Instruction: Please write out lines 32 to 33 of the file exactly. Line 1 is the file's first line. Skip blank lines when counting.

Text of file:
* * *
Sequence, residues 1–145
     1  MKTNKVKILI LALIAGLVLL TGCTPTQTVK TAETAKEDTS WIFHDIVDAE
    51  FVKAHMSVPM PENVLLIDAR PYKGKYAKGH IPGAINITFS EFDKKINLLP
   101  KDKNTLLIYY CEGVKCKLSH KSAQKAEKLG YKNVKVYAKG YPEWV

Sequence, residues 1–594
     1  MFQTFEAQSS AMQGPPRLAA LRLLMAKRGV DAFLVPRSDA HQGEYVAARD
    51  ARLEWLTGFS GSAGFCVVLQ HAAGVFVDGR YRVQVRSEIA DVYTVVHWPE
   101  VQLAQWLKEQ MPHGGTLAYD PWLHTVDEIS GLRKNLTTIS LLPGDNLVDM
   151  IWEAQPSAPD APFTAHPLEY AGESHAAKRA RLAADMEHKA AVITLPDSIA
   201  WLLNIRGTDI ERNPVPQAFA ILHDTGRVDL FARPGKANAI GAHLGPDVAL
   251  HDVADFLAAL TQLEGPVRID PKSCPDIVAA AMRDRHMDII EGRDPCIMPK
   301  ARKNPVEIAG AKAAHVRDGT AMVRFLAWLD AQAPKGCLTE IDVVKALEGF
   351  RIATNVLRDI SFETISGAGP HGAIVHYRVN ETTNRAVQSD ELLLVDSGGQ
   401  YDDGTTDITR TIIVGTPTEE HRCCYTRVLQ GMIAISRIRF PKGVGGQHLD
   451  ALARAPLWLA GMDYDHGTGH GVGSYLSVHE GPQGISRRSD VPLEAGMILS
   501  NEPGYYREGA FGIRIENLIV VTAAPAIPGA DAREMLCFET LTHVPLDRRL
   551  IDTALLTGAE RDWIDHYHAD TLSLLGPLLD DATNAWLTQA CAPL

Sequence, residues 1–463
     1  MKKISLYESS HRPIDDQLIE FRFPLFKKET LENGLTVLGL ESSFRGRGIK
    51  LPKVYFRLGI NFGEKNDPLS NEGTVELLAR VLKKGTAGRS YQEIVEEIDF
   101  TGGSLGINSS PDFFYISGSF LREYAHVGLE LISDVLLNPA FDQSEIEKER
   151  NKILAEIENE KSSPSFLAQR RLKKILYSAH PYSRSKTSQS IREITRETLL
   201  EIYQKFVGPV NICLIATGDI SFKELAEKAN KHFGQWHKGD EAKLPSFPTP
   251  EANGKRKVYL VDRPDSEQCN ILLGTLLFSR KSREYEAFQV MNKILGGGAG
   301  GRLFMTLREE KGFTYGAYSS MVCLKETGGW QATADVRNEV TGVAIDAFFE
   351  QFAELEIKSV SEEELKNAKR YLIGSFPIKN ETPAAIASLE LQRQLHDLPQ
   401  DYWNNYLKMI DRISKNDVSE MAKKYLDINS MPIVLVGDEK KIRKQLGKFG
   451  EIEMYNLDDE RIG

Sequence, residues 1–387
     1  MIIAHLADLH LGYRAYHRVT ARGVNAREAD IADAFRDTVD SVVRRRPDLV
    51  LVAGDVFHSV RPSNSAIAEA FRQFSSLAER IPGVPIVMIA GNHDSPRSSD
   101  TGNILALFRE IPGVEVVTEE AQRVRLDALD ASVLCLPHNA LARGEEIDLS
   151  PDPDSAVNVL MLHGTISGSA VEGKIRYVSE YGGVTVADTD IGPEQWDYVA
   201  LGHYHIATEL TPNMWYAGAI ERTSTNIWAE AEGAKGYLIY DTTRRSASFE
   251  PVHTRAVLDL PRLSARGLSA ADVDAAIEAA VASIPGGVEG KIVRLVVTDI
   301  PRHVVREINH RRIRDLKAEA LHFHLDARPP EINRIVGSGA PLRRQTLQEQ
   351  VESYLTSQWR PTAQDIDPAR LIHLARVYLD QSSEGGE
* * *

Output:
   101  TGNILALFRE IPGVEVVTEE AQRVRLDALD ASVLCLPHNA LARGEEIDLS
   151  PDPDSAVNVL MLHGTISGSA VEGKIRYVSE YGGVTVADTD IGPEQWDYVA